SLCC students, faculty and staff,
Like many of you, I am feeling deep pain and a sense of hopelessness in the days since the tragic death of George Floyd at the hands of those who are charged to protect and serve. Unfortunately, this horrific and unacceptable murder is the latest example of racism, inequity and indifference, and my heart aches for him and the many others who have been lost to senseless acts of hatred and violence. But my feelings pale in comparison to our students, faculty and staff of color, and specifically our Black community members, who may have experienced these acts personally and for whom feelings of fear, hurt, betrayal, frustration and distrust are daily companions.
As a community, we pride ourselves in being the most racially and ethnically diverse higher education institution in Utah. We know that diversity enhances the learning environment. We claim inclusivity and integrity in our values and strive to be a place where all feel welcomed and heard, and, where we do the right things for the right reasons. Never before have these two values been more important. We must step up to counter acts of hatred, and create a safe environment where every student can reach their full potential, wrapped in a culture of compassion, justice and mutual respect.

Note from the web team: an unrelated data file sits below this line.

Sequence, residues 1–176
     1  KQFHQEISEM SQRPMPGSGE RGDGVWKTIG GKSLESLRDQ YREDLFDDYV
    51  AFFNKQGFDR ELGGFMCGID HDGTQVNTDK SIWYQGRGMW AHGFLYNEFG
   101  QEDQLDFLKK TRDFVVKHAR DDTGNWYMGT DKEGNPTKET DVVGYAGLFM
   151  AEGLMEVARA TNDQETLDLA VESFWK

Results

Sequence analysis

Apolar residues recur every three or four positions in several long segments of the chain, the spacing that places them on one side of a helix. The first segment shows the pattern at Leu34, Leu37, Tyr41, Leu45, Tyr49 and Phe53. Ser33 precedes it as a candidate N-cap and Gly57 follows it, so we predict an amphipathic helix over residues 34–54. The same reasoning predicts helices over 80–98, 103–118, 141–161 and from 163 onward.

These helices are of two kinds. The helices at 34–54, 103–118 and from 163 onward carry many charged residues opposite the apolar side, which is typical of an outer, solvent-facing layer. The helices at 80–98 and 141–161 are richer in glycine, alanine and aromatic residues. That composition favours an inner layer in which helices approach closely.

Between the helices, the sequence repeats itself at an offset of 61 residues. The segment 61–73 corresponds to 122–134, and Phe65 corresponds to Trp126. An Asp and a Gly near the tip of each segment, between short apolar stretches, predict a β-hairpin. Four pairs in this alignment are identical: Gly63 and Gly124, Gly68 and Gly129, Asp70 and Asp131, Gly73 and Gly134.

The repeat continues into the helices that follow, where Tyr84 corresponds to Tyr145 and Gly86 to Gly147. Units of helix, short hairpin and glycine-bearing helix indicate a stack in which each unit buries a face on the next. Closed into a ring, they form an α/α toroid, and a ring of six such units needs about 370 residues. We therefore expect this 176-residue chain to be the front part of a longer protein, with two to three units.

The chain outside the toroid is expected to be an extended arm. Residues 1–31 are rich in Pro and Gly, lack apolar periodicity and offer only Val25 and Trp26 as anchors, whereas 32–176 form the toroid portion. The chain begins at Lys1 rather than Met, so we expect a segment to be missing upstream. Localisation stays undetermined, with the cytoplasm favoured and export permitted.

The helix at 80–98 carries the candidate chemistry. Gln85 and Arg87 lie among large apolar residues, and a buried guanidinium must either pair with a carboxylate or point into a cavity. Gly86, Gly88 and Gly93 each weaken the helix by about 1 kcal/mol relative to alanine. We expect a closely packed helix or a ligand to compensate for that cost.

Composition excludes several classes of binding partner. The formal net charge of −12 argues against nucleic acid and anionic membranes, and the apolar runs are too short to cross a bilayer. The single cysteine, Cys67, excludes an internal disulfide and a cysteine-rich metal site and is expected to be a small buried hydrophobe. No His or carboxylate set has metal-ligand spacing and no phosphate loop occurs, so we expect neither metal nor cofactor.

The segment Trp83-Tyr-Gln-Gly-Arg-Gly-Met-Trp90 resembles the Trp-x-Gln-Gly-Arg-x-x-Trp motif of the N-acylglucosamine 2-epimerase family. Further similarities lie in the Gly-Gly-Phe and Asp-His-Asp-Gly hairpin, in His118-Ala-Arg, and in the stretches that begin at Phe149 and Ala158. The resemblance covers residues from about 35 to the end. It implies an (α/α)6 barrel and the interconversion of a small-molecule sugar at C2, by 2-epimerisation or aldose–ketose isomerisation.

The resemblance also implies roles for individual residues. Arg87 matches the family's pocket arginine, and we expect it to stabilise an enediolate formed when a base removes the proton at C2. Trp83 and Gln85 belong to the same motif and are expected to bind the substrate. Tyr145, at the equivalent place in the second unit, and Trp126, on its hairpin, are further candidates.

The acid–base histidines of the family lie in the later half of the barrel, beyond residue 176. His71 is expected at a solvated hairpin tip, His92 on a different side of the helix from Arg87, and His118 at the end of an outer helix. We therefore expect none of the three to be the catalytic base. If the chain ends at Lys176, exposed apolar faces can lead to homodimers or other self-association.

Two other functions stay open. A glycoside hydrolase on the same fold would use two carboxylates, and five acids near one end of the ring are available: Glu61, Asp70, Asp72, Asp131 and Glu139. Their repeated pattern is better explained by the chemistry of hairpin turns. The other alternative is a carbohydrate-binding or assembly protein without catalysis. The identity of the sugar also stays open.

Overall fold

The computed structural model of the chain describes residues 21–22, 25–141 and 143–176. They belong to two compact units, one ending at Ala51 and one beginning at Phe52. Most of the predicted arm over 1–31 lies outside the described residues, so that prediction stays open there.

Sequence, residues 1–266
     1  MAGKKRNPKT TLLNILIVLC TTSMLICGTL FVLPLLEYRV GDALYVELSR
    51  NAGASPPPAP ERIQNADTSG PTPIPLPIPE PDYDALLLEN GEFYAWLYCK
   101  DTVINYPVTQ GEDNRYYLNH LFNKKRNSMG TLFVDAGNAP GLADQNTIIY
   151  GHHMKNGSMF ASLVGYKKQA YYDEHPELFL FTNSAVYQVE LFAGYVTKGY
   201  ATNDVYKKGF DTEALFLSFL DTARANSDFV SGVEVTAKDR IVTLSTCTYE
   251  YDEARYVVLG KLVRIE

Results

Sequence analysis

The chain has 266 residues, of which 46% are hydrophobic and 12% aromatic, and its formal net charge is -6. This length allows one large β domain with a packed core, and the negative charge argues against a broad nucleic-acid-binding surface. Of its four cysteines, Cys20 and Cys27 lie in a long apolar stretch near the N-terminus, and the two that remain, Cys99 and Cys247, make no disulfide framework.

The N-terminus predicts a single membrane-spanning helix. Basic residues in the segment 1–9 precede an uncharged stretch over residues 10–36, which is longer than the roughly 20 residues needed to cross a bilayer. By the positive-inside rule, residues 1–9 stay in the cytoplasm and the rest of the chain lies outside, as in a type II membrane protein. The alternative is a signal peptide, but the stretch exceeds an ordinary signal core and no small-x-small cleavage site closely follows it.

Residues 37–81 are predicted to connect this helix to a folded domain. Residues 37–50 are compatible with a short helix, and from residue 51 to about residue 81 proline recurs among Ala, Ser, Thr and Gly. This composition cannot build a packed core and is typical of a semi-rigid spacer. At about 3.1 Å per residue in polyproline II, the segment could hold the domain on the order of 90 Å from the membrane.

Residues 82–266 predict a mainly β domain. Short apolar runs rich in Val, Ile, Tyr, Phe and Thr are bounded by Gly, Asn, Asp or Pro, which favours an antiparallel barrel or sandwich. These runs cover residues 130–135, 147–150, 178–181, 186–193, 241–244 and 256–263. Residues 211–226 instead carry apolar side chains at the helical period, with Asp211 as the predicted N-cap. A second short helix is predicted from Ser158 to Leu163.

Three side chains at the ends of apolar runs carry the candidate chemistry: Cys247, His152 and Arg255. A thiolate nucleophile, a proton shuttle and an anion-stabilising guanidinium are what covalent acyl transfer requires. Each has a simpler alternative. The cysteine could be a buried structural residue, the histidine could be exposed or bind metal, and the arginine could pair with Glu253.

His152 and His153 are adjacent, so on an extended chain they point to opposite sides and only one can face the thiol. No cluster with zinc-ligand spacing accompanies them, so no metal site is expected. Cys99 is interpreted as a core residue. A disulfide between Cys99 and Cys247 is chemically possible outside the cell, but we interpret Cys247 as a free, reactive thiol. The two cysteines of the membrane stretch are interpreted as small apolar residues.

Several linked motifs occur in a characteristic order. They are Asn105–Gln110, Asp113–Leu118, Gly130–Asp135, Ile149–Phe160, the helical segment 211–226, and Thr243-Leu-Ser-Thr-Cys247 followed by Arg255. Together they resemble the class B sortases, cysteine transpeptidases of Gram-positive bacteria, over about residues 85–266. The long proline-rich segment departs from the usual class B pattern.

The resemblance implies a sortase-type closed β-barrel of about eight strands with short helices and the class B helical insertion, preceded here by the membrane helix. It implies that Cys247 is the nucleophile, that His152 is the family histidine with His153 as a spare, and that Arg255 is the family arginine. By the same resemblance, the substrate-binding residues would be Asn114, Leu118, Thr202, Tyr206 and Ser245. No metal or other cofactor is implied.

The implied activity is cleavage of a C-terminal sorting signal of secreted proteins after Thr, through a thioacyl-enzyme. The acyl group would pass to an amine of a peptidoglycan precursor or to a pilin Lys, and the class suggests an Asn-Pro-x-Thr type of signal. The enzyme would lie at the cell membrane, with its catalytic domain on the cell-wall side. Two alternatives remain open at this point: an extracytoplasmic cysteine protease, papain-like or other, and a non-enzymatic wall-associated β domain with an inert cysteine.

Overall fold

But it is clear that we have more work to do. Just a few months ago, at SLCC 360, Tia Brown McNair challenged us to do more than just talk about equity. She implored us to walk with equity. Her book, From Equity Talk to Equity Walk reminds us that:
although terms such as institutionalized racism or equity-mindedness are understood in theory, it is far more challenging to identify them in our own actions or the actions of others, in our routines or the routines of our colleagues, departments and institutions. It does not come naturally; it requires a knowledge base; it takes a lot of intentional practice.
We are committed to creating that knowledge base. We must strengthen compassion and equity in our own community and prepare our students to become positive agents of change in our nation and the world. As we look ahead to a new academic year, let’s work together to create new programs and platforms to honestly address society’s problems both individually and collectively. Let’s channel our frustrations and pain into deep, empathic dialogue that roots out hate and enables us to stand up for each other in the spirit of equality, caring and compassion.
The real work is ahead of us. As a college community, we must strive to examine our practices, listen to those who have experienced injustice, and create better understanding between members of our community. For today, let’s reach out to each other with kindness and grace, treat each other with dignity, and recommit to doing our part in the quest for a more just and equitable society.
Deneece G. Huftalin, PhD
Salt Lake Community College